In this respect, Britain's Chilcot Inquiry on the Iraq war bears a distressing similarity to the 9/11 Commission.
In a remarkable symmetry, both inquiries involve a Jewish Zionist historian, who not only advised his country's leader to go to war against Iraq, but actually provided the ideological justification for that unnecessary war.
Perhaps Philip Zelikow was one of the few people who was not surprised by his appointment as executive director of the National Commission on Terrorist Attacks upon the United States, better known as the 9/11 Commission. After all, the Professor of History at the University of Virginia had shown uncanny prescience in foreseeing an event such as 9/11 itself. In 1998, as project director of the Catastrophic Terrorism Group, Zelikow had written:
"An act of catastrophic terrorism that killed thousands or tens of thousands of people " would be a watershed event in America's history". Like Pearl Harbor, such an event would divide our past and future into a 'before' and 'after."
Yet despite his awareness of an imminent threat of "catastrophic terrorism" against the United States, in the Bush administration Zelikow was instrumental in downgrading the status of the National Coordinator for Counterterrorism, Richard Clarke. Effectively cutting off his direct access to the President, this prevented Clarke from discussing al-Qaeda with George W. Bush before September 11.
In an even clearer conflict of interest, as a member of Bush's Foreign Intelligence Advisory Board, Zelikow had authored the 2002 National Security Strategy of the United States. Dubbed the "Bush Doctrine" by the Washington Post's hawkishly pro-Israeli columnist Charles Krauthammer, it advocated the necessity of "preemptive war." Based on a policy first mooted in 1992 by two other Jewish neoconservatives, Paul Wolfowitz and Lewis Libby, the Zelikow Doctrine provided the justification for the 2003 invasion of Iraq.
While Bush probably believed he was "ridding the world of evil," Zelikow knew exactly why Iraq was being targeted. In a rare moment of candour, he told an audience at the University of Virginia on September 10, 2002:
"Why would Iraq attack America or use nuclear weapons against us? I'll tell you what I think the real threat (is) and actually has been since 1990-it's the threat against Israel. And this is the threat that dare not speak its name, because the Europeans don't care deeply about that threat, I will tell you frankly. And the American government doesn't want to lean too hard on it rhetorically, because it is not a popular sell."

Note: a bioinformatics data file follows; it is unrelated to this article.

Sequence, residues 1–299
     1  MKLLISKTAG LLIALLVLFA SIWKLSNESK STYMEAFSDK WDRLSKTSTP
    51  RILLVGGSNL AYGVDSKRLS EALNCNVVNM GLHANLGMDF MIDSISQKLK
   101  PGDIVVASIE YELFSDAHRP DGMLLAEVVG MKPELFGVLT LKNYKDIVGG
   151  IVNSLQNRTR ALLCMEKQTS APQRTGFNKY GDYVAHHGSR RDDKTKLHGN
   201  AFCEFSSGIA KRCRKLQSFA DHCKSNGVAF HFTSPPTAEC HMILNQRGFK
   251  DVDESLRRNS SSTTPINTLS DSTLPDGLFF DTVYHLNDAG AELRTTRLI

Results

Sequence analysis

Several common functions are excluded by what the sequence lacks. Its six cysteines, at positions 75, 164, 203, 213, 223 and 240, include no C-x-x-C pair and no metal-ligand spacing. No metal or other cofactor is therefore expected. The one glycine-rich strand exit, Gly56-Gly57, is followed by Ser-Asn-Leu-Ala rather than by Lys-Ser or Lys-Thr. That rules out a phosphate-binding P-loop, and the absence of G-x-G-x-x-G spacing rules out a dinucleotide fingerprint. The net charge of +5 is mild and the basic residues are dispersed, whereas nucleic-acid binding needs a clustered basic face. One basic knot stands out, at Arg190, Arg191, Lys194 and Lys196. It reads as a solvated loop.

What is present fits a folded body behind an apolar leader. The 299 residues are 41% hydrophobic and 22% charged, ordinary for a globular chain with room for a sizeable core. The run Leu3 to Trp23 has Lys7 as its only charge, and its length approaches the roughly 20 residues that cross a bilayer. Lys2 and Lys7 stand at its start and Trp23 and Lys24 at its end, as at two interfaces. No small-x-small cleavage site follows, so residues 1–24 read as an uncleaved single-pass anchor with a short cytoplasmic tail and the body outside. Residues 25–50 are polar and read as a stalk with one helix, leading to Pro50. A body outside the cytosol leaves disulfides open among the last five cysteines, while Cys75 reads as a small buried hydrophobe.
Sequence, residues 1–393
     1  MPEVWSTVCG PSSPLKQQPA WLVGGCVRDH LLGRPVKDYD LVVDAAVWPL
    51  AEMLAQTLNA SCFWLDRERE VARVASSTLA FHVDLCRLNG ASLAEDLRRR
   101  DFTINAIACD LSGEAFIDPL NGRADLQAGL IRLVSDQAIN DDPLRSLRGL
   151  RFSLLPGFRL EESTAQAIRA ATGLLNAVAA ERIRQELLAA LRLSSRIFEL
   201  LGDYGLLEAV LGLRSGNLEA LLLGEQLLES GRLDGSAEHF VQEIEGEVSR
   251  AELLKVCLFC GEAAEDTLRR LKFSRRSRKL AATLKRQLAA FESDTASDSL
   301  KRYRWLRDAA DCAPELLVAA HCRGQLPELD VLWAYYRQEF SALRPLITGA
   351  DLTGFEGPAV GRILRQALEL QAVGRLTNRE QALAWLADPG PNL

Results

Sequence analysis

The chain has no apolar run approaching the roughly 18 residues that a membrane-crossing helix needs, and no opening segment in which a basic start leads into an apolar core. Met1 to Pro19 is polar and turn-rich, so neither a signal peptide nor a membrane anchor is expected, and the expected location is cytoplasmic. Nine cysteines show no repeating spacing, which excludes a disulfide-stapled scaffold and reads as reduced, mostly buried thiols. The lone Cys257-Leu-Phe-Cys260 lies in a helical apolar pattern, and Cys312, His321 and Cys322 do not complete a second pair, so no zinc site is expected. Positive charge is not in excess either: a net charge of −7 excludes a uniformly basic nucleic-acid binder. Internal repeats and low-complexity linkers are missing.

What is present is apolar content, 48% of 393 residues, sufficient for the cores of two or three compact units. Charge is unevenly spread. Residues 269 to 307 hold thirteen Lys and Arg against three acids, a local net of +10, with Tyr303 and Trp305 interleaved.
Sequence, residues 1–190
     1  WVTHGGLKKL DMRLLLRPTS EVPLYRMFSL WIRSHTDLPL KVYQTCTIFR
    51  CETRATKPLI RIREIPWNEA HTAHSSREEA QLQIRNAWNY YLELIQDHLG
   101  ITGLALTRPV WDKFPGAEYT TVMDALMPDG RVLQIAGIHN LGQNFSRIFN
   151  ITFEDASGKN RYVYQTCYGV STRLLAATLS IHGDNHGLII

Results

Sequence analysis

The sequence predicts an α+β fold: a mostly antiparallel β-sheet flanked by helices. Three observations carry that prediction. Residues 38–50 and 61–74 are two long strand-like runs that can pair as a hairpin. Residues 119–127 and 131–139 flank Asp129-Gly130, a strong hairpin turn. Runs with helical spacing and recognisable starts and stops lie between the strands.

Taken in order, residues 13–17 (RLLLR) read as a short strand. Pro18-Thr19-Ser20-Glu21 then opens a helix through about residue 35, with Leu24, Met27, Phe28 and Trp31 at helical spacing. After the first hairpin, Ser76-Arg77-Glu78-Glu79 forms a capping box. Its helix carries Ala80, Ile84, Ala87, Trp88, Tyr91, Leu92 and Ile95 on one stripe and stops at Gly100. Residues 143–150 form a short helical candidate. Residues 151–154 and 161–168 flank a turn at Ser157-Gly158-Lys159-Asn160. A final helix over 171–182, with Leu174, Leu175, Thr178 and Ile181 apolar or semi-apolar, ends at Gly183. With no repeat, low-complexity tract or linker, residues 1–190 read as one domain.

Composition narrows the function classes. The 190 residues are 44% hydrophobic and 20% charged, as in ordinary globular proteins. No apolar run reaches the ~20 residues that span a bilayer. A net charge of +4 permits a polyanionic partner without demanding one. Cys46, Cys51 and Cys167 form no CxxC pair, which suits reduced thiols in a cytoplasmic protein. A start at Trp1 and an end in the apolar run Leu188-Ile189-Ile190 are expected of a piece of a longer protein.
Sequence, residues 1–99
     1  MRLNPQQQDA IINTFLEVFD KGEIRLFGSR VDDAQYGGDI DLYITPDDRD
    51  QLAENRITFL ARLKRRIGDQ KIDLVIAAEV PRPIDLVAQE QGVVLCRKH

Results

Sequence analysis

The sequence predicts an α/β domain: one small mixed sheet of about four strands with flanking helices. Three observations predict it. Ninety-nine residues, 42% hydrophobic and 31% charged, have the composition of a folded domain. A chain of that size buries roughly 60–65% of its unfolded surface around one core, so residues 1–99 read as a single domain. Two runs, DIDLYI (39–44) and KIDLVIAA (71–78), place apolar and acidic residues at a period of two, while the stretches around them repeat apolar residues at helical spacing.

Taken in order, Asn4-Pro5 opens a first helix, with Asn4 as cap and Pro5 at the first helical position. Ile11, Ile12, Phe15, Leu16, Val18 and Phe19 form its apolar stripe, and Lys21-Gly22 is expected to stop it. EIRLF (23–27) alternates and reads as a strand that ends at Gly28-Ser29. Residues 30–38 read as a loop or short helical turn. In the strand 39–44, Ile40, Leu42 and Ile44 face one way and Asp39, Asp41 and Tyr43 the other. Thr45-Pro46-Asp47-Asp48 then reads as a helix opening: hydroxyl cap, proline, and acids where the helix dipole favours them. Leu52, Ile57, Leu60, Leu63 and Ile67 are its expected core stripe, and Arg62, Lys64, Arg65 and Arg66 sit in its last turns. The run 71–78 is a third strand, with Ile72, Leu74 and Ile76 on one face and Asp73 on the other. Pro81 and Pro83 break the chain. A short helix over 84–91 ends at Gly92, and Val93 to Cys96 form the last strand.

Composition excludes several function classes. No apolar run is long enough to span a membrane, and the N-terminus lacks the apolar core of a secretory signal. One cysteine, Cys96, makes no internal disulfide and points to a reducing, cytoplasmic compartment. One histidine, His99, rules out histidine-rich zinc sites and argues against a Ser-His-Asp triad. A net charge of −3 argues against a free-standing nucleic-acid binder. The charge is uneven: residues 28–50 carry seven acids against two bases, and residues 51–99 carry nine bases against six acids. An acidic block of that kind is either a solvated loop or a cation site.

Nevertheless, as executive director of the 9/11 Commission Zelikow did his very best to "sell" the Iraq war to the American people. The first expert witness he called had "no special expertise on the events of September 11," but that didn't seem to matter too much. Instead of discussing 9/11, Abraham Sofaer, a board member of the pro-Israeli Koret Foundation, made an impassioned speech in support of the "preemptive war" against Iraq.
An even more controversial "expert" witness called was Laurie
Mylroie. Known as the "neocons' favourite conspiracy theorist," the
American Enterprise Institute scholar had made a career out of seeing
the hand of Saddam Hussein behind every anti-American terrorist attack
during the previous decade. Her 2000 book, Study of Revenge, in which
she laid out her flimsy case against Saddam, acknowledged the
assistance of Wolfowitz and Libby, and was blurbed by Richard Perle as
"splendid and wholly convincing."
Exercising a scepticism toward Mylroie's "batty" theories lacking in much of the media coverage, one of the 9/11 widows lambasted Zelikow for this transparent "sales pitch for the Iraq war."
Zelikow's persistent efforts to rewrite the Commission staff's reports to give the impression of a link between al-Qaeda and Iraq "horrified" some of his staff, many of whom considered him a "White House mole." Little did they suspect, however, that Zelikow's loyalties might lie much further afield.
If British Prime Minister Gordon Brown were genuinely interested in finding out why his predecessor followed George Bush into the Iraq quagmire, his appointment of Sir Lawrence Freedman to the five-member Chilcot Inquiry was an odd choice. As the political editor of the BBC's Newsnight programme, Michael Crick, pointed out, "Critics of the war might argue Sir Lawrence was himself one of the causes of the war!"
Crick was referring to a Freedman memo which formed the basis of Tony Blair's 1999 Chicago speech, "The Doctrine of the International Community." In what became known as the "Blair Doctrine," Freedman had offered an answer to the specious question: "When was military action justified for liberal, humanitarian reasons?"
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